Weird Beliefs

February 17, 2009

Of course, the other possibility is that belief itself is weird…

Weird beliefs are a one-way door

Most human groups have some form of weird belief. Examples are easy to point out. Roman Catholics, for instance, believe in the doctrine of transubstantiation, which holds that the bread and wine consumed at valid celebrations of the Eucharist become the literal flesh and blood of Christ. Theologians agree that the appearance, odor, taste and feel of the bread and wine do not change, but insist that their underlying substance is converted. I intend no disrespect for Catholicism, but I think it is fair to say that for the majority of humans this idea is, so to speak, hard to swallow.

That may be the point; one purpose of weird beliefs is to serve as barriers to entry. That is, if a group maintains a weird belief, the difficulty of accepting that idea prevents others from joining lightly— it filters out the non-serious. And once accepted, the weird belief serves as a barrier to exit. Once an applicant has gone to the trouble of reordering her psyche to accept a weird belief, she is unlikely to abandon it lightly. Weird beliefs are a one-way door.

I am not one to throw stones when it comes to weird beliefs; during my sojourn as a Christian fundamentalist, I firmly believed that the creator of all things was opposed to celebrating holidays, hated blood transfusions, had firm opinions about the wearing of ties, etc., etc., ad nauseam. In retrospect it seems foolish, but at the time my passion for these ideas was so fervent that I spent as many as a hundred hours a month promoting them. Ultimately, when I was trying to quit the church, I found that I couldn’t simply give up the weird beliefs, I had to denounce them, to proclaim myself a heretic. If weird beliefs are a one-way door, the only way out is through.

Weird beliefs are memes, idea clusters that propagate like parasites in human gray matter. They aren’t necessarily bad, but they should certainly be considered guilty until proven innocent. It sometimes seems to me that they are peculiar life forms that depend on religions, corporations and governments for their very survival. On the other hand, much that is uniquely and lovably human is a product of religions, corporations and governments and, thus, a product of weird beliefs… so perhaps they’re symbiotes rather than parasites.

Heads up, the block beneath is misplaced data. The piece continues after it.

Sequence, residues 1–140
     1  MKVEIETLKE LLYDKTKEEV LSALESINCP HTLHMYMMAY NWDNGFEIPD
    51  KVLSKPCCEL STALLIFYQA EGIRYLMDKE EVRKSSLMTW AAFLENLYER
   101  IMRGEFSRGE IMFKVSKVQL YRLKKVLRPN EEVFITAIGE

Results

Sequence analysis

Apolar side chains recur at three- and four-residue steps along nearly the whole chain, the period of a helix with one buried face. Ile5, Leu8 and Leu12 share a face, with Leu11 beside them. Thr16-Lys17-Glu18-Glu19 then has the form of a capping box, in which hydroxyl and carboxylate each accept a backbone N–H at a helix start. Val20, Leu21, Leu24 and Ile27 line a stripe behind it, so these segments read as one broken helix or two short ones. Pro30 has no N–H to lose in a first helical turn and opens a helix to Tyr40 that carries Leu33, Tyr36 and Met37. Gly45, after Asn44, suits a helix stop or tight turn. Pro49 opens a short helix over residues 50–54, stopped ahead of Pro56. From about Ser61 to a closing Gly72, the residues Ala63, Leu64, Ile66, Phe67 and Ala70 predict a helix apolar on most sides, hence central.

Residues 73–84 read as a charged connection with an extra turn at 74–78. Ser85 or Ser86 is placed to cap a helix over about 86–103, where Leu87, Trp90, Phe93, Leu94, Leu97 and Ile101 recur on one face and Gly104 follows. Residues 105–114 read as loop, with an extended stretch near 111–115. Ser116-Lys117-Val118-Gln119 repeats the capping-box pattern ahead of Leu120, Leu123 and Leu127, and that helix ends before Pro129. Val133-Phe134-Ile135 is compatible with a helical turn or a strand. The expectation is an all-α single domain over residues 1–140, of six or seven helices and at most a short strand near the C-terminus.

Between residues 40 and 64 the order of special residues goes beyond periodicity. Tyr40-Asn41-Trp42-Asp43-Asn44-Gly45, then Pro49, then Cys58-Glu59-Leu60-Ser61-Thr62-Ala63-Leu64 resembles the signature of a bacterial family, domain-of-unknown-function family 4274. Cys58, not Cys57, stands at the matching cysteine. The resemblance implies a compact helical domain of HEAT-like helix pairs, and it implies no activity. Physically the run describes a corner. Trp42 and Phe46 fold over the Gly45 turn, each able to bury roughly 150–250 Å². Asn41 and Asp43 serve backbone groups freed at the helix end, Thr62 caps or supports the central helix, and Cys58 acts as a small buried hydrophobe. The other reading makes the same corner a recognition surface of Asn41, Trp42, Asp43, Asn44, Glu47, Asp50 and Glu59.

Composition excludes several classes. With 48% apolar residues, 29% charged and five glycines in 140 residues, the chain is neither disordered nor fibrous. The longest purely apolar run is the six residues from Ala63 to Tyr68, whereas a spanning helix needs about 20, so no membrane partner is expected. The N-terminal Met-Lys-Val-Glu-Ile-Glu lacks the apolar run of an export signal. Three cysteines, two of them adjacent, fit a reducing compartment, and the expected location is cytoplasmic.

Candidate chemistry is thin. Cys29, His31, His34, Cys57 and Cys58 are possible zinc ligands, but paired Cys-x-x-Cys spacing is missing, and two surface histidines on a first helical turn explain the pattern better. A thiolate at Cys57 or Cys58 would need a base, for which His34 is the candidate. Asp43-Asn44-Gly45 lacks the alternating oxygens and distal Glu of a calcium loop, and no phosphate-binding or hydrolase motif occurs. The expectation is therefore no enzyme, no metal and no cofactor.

In any event, it is a very good thing to be aware of weird beliefs in general, and one approach to sanity is the recognition of weird beliefs in oneself. I am always happy whenever I recognize some personal weird conviction—it’s a relief to abandon it.

Conversely, one can take the opposite tack and intentionally adopt a weird belief; presently, for example, I am trying hard to believe that humans worldwide are becoming more generous, more kind and more loving every day, and that the world is becoming a better place. This is a difficult faith to maintain, but I’m getting there and it sure… feels good.

P.S. If you like this essay, you’ll love my new eBook, Confessions of a Heavy Thinker.

Did you like this essay? You’ll love my books!

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{ 11 comments… read them below or add one }

Nika 02.17.09 at 9:16 pm

The idea of weird beliefs being a one-way door is an interesting and apt metaphor. It makes sense that they would have to be denounced, rather than just let go.

Angus 03.06.09 at 1:57 pm

You are one astute kitty.

EatenByChutulu 03.22.09 at 2:34 pm

Too true. Esp. the bit about being relieved to recognize weird beliefs in oneself! I think some false memes need to be denounced fervently and regularly. I’m an atheist, have never seen any evidence that there are such things as devils or angels and still find skeptic blogs to be a life line for me because there’s a part of my brain that refuses to give up superstition.

Angus 03.22.09 at 2:43 pm

Thanks for the comment Eaten. I guess that’s the same part of the brain that gets religion in the first place.

cheers,
Angus

John Nernoff 03.22.09 at 5:43 pm

It would be nice to list some more examples. Thanks.

In my area, the Amish have a weird belief that buttons are evil, so they pin their clothes on. Automobiles are taboo, so they use the horse and buggy. They are reluctant to use electricity and a lot of modern technology. Sometimes they show up at hospitals, so go figure.

Angus 03.22.09 at 6:34 pm

Thanks for the feedback John, and I’m sure I’ll continue to explore this theme. Re: the Amish, I’d say they’re considerably more aware of the dynamics discussed in this post than I am, and consciously use them. I know they’re fully aware of the ironies in their positions on various technologies, but feel that conscious slow adoption had so many advantages they’re willing to deal with them. I think Kevin Kelley has written on this: I’ll try to find a link.

cheers,
Angus

Angus 03.22.09 at 6:37 pm

Here’s the link – well worth reading:

Amish Hackers

the chaplain 03.26.09 at 5:03 pm

Your one-way door metaphor is great. Weird beliefs, rituals, clothing, etc., are all means of distinguishing insiders from outsiders. And, everyone wants to be an insider.

Angus 03.26.09 at 5:56 pm

Thanks Chaplain!

antimattr 03.28.09 at 6:27 am

I hadn’t thought about belief in weird things being a barrier to entry for religious and other groups, but that’s a very interesting thought. If you haven’t seen them already, you might find Dan Dennet’s Ted Talk on memes interesting. There are a couple other Ted Talks about memes as well.

Angus 03.28.09 at 8:47 am

Thanks for the feedback, antimattr. I’ve read a couple of dennet’s books, and will look for his lecture.

cheers,
Angus

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